Non-traditional ag teachers filling gap in Illinois classrooms

More students than ever are enrolled in Illinois FFA, and their teachers are coming from some unlikely sources.

Jennifer Waters, state coordinator at Illinois Facilitating Coordination In Agricultural Education, says the state produces around thirty new ag teachers per year in its universities, but the needs are much greater…

“Typically, you know we do look at about 80 to 100 openings in the state of Illinois for ag teachers annually,” she says.

She tells Brownfield that’s led to nearly a quarter of the ag teacher positions in the state being filled by non-traditional candidates…

“Teachers who were not traditionally trained,” she says, “who didn’t go to college to be an ag teacher, but they have experience in industry, and they have experience in agriculture that they’re able to bring to the classroom.”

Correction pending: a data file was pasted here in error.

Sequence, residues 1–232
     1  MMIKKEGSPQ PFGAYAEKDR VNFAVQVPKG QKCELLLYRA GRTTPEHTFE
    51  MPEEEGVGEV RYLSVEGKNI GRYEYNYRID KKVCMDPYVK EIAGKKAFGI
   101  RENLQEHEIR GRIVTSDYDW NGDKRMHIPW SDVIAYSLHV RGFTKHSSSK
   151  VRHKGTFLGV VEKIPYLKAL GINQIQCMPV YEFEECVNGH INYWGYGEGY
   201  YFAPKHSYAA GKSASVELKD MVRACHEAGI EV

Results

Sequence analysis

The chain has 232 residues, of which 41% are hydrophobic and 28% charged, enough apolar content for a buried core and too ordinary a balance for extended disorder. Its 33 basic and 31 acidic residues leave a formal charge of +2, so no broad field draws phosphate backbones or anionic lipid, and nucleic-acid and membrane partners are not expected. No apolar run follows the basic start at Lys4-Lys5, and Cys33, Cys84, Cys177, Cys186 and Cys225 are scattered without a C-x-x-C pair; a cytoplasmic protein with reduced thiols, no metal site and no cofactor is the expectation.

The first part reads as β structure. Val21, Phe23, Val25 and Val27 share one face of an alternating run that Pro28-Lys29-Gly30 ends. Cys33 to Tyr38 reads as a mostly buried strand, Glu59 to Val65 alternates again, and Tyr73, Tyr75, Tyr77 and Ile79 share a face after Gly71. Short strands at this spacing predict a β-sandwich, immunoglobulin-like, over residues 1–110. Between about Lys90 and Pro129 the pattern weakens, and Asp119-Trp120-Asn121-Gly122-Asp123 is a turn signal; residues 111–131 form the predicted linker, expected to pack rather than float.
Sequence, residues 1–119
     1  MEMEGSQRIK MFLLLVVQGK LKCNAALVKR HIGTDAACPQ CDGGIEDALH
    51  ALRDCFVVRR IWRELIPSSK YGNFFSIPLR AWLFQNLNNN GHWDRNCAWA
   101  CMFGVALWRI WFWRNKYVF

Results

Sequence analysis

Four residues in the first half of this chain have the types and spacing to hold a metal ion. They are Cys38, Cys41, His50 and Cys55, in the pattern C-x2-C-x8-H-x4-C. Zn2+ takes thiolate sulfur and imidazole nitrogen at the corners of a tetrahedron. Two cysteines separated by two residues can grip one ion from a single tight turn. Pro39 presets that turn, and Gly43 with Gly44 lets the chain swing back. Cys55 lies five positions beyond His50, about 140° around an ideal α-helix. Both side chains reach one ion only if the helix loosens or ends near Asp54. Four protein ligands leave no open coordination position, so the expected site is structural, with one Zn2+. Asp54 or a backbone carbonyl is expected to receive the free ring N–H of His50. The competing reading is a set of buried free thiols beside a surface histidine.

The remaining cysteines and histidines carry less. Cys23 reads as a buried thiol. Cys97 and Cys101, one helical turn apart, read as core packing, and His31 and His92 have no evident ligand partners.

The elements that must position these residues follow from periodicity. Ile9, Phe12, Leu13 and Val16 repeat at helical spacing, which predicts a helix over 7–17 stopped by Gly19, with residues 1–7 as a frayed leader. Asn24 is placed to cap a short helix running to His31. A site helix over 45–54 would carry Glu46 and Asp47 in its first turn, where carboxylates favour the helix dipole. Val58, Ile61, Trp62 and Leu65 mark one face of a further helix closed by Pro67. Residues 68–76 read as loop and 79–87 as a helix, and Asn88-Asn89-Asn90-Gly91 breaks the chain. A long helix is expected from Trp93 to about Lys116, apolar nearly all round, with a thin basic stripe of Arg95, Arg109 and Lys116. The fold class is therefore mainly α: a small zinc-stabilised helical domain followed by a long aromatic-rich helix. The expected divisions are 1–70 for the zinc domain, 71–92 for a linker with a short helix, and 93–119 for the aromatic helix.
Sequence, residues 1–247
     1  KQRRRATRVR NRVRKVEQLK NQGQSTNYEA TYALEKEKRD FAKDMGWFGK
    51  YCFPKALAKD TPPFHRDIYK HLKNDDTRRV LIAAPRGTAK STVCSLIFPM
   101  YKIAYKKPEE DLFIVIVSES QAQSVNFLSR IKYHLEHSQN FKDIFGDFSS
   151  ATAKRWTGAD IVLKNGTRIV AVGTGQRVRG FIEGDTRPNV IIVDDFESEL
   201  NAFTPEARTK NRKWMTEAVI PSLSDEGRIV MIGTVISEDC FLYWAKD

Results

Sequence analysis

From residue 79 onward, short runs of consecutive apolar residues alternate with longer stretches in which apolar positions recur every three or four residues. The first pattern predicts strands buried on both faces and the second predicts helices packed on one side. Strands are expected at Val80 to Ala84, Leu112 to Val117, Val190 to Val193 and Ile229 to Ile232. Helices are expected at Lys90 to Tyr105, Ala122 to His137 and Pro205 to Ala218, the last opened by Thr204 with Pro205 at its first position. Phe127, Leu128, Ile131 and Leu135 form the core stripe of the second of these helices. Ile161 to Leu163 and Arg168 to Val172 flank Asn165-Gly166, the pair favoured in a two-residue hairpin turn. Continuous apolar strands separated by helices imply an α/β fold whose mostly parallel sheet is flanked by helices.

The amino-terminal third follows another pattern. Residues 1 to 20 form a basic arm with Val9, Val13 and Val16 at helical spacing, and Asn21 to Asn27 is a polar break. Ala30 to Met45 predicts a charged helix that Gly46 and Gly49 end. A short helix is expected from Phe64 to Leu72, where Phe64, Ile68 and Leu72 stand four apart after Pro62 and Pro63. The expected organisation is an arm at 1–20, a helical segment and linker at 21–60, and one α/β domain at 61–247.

Waters says those non-traditional candidates enter ag education at various stages of their careers…

“We love finding those people in the community who either thought they might want to be an ag teacher, but they went into another profession or,” she says, “you know, we also have those who went into another profession in agriculture and now they realize they want to give back in their community by being an ag teacher.”

Waters says they’ve also seen success recruiting current teachers in other subjects to take up an ag education role.  Currently 38-percent of Illinois ag teachers are under thirty years of age. 

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